3. David Ewert, “The Dangers of Secularism [1],” The Voice 3, no. 5 (Sept.-Oct. 1954): 16–19; “The Dangers of Secularism [2],” The Voice 3, no. 6 (Nov.-Dec. 1954): 17–20.

The Dangers of Secularism*

David Ewert

Edited by Vic Froese

As citizens of another world, God’s children ought to be known by those spiritual goals and heavenly aspirations which led the pagan world of Apostolic times to call God’s “little flock” the “third race.” “Their conduct,” as Dr. A. J. Gordon has said, “filled their heathen neighbors with the strangest perplexity; they were so careless of life, so careful of conscience, so prodigal of their own blood, so confident of the overcoming power of the blood of the Lamb, so unsubdued to the custom of the country in which they sojourned, so mindful of the manners of that country from which they came.” 1 Paul clearly points out the heavenly mindedness that should characterize every saint when he tells the Corinthians that “we look not at the things which are seen, but at the things which are not seen: for the things which are seen are temporal; but the things which are not seen are eternal” (2 Cor 4:18).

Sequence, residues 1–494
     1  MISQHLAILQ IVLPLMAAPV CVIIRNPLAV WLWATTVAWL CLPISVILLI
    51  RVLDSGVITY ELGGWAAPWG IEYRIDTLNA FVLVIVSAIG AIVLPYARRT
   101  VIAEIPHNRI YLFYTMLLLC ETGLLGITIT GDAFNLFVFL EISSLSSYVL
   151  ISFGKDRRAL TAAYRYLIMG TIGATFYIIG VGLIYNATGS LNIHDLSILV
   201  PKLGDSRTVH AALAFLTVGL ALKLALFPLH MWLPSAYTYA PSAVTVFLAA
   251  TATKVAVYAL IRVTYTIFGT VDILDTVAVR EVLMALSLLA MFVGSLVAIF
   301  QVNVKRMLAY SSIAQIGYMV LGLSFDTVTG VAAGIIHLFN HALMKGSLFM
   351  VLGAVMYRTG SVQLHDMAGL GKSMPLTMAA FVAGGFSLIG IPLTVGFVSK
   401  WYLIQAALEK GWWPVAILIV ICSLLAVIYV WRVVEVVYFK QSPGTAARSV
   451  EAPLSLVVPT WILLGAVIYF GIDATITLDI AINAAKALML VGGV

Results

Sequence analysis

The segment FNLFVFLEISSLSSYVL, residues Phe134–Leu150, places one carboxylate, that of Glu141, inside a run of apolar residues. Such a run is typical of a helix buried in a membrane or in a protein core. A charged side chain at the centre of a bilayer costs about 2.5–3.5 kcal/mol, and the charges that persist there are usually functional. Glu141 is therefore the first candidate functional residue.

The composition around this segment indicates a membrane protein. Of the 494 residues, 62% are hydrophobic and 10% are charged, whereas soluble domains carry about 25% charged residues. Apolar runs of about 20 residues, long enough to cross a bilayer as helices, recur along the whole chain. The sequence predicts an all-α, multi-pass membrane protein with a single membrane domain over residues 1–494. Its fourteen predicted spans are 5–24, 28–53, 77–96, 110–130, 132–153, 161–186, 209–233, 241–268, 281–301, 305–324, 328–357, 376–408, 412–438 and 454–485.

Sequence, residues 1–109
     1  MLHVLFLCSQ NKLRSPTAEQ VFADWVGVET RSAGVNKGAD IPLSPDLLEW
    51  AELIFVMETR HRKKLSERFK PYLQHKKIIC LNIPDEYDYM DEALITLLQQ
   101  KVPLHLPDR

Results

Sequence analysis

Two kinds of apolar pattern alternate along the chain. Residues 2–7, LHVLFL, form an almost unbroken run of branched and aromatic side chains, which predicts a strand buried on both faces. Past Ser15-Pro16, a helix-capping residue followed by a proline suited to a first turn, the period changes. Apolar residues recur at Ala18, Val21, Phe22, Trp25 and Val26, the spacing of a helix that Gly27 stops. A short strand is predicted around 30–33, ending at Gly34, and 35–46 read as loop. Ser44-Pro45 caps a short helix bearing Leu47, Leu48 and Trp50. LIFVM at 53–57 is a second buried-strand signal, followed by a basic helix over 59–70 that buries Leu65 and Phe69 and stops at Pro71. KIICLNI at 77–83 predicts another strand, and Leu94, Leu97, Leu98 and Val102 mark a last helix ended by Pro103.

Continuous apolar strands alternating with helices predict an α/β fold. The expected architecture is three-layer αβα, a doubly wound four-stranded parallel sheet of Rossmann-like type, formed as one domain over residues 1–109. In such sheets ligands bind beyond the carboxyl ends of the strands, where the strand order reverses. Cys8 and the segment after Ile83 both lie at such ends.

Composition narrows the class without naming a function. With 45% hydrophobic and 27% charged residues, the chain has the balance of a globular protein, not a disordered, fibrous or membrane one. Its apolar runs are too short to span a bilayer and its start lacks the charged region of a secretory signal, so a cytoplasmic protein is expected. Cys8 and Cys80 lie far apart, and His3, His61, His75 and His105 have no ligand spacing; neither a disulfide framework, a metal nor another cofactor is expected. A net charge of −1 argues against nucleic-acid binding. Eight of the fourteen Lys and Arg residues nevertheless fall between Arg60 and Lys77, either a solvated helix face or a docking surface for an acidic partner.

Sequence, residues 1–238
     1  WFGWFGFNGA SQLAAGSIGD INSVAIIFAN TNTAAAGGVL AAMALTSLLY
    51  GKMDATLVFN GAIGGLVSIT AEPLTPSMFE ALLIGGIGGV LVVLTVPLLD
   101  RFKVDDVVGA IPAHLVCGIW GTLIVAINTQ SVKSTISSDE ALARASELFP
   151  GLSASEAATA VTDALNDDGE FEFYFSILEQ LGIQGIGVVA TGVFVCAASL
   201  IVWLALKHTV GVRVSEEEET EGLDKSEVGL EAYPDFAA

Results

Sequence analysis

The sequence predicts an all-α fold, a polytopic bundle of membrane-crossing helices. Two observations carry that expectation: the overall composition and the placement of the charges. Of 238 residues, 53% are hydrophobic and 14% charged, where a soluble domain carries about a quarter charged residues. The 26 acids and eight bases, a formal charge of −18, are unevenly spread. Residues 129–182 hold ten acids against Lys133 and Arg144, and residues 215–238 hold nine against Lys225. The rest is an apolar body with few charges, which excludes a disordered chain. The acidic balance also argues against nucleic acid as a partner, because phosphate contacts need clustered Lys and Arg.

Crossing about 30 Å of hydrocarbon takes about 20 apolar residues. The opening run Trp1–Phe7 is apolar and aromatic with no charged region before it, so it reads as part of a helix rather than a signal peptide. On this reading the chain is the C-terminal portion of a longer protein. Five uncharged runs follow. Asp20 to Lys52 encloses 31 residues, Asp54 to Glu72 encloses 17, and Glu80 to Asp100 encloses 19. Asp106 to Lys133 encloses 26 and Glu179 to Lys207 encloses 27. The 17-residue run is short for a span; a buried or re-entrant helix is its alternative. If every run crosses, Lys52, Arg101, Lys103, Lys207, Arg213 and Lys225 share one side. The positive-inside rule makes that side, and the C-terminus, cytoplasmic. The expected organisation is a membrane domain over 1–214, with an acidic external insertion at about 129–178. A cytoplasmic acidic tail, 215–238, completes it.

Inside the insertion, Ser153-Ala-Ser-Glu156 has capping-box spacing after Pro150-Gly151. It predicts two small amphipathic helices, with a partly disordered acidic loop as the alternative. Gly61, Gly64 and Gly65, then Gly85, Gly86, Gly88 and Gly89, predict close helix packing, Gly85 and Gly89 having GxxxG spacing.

Secularism represents a spirit of thought that stands diametrically opposed to such a heavenly and spiritual outlook. Secularism is just another term for what the Bible calls “worldliness.” It stands for the present in contrast to that which lies beyond; it grasps for the temporal and lets the eternal slip through its fingers; it strives for material values and thinks little of spiritual verities. J. C. Wenger in his preface to his Introduction to Theology says: “The awful blight of our day is secularism; not Russia, but the secularism in the heart of the western world.” 2 We {48} are, of course, aware of the fact that such a trend in the thinking of fallen mankind has been quite general since Eden, but in each generation, and today more than ever, it comes as a shock to those who like David Brainerd “love to live on the brink of eternity.” 3 For not only is the world in general secularistic in outlook, but even in the ranks of the Christians do we find such who are in the grips of this octopus. Ter Steegen has characterized these earthly minded in contrast to those who seek “the things which are above”: